IN:SIGHT Teaching As Listening

November 17th, 2017—For a story to be told about teaching there must be a person on the other end listening.  In my last post I wrote about the art of storytelling as articulated by J.D. Vance in “Hillbilly Elegy.” In this post I want to explore the art of listening as described by the southern novelist David Joy in his essay, “Digging in the Trash.” When asked at a book signing what he thought would help the people he knows in Appalachia, Joy responded:

Just listen. The truth is we live in a world where we don’t listen to people anymore. So often we’re just waiting for the next opening to respond. What we need to realize is that sometimes people don’t need advice. Sometimes people just need to be heard. Sometimes the greatest gift we can give someone is just to keep our mouth shut and let them empty themselves into our hands. When they’re finished, we don’t need to do anything with what they’ve given us. We just need to show them that we’re holding it for them till they can catch their breath.

Joy’s suggestion to “just listen” seems like sound advice to me.  What a gift to give a teacher, listening to stories with no purpose other than to hear what is being shared.  No agenda.  No outcome. No advice giving.  No need to pre-think how to fix the situation.  Just listen in a way that creates a space where the teacher can empty out emotions, understandings, questions, wonderment, or frustrations.  The listener embracing the honor of holding those stories with integrity and humility for however long it takes the teacher to “catch their breath”, pick up their craft knowledge, and reengage the complexities of teaching.  Here are some questions to ask a teacher that might invite a round of storytelling and deep listening.

  • What aspect of your day left you breathless and full of wonder?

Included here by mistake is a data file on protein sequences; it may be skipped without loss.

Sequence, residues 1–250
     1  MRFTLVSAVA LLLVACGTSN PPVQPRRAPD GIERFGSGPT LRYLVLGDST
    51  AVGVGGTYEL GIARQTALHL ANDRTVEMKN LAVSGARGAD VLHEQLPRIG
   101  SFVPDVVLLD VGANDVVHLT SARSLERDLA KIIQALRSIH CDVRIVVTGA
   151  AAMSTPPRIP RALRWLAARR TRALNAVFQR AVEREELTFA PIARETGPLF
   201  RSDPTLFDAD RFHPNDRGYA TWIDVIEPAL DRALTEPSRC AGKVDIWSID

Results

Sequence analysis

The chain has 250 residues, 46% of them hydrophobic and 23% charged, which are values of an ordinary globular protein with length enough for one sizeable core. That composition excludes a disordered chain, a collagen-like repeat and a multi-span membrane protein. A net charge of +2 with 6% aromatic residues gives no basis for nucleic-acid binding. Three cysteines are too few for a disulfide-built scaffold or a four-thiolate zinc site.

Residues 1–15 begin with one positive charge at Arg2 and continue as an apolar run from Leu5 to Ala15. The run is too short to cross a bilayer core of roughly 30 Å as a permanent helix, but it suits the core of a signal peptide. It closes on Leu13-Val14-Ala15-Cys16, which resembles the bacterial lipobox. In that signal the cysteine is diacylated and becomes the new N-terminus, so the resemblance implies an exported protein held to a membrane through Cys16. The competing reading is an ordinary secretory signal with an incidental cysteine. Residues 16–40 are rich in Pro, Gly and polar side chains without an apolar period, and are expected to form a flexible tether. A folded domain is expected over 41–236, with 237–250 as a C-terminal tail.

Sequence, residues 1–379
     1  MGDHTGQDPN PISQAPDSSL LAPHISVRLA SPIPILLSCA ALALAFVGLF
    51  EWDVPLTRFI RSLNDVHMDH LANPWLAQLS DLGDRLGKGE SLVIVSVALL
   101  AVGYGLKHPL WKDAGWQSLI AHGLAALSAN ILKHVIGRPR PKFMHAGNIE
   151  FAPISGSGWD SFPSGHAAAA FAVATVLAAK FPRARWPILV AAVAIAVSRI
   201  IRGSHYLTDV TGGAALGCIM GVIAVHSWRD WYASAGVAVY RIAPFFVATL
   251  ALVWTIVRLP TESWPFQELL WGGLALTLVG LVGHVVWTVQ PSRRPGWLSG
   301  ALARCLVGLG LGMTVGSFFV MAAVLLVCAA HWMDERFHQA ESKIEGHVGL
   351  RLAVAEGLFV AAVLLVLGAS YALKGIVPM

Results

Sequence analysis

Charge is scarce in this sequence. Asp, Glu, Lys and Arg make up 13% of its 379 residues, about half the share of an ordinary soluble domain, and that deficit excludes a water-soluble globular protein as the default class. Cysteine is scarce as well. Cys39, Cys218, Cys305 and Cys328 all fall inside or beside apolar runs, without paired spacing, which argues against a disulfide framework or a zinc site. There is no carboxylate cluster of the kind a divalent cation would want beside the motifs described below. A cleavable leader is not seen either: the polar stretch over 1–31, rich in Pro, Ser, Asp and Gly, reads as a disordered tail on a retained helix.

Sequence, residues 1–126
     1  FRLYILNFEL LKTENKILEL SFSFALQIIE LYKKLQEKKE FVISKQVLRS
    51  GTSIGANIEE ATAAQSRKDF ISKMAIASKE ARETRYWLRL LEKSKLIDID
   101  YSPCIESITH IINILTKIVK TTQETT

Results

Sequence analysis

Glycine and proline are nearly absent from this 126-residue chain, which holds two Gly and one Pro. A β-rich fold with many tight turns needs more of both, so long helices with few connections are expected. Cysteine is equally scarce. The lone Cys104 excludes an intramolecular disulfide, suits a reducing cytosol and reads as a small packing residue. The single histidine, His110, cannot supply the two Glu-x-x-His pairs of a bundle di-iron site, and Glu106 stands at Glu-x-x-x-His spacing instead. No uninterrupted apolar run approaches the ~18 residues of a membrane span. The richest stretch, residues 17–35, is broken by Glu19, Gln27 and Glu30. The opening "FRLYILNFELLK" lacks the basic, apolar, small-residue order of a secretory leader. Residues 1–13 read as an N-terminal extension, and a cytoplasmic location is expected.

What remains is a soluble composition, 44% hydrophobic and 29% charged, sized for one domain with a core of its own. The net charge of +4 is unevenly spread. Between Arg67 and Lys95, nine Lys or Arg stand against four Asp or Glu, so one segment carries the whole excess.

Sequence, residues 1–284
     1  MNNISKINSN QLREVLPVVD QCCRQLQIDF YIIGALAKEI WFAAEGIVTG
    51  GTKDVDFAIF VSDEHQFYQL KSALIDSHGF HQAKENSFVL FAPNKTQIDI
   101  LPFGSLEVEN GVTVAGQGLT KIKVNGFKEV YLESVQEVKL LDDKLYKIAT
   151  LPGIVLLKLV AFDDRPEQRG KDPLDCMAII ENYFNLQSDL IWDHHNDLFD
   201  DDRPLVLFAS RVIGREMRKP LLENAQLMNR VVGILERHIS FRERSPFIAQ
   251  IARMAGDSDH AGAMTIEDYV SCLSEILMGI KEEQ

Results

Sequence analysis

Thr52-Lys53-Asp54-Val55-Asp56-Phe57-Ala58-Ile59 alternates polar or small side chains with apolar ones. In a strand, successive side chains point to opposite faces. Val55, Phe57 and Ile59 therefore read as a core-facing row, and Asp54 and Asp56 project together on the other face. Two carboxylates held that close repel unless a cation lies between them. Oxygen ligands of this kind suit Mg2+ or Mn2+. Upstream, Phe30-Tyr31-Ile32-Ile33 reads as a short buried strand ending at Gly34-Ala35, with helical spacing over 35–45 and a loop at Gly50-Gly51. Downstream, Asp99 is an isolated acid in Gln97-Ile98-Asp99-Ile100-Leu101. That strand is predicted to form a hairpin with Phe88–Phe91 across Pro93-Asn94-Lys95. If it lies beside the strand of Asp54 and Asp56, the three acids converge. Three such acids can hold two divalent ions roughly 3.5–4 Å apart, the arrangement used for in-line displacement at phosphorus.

• Fill in the blank with a metaphor; teaching is like a _________.  And why?
  • Tell the story of a student who changed your approach to teaching.
  • If you could thank an influential teacher, what would you tell that person about why you became a teacher?

Joy’s advice seems easy to practice when at least two people are present; the teacher and the listener. But does his guidance hold true if the only person present is the teacher?  The form of listening Joy describes is even more important when practiced as self-listening; when the teacher listens with intention to self-stories. When the organ of listening is no longer the ears but instead is the heart, the source of deep wisdom.  Like partner listening, self-listening is best practiced without an agenda, outcome, or advice giving. What matters is a willingness to trust the inner-voice communicating about the call to teach; a desire that is characteristically soft-spoken, gentle, truthful, and persistent.  The gift of self-listening is an invitation to empty out into your own hands; to hold the deep truths about your teacher-self until you catch your breath and are ready again to take on the role of teacher.  This is no easy task as most teachers are skilled at practicing a form of humility that borders on denial; a resistance to praise and the naming of talents and ability.  Here are some questions to ask that might elicit a response from your inner teacher who in my experience is more than willing to engage in conversation. Your job; just listen.

  • When you are struggling with the question of whether or not to keep teaching, why do you come back?
  • In what ways does teaching encourage you to be more fully yourself?
  • What aspects of teaching fill you with an overflowing sense of wonder and awe?
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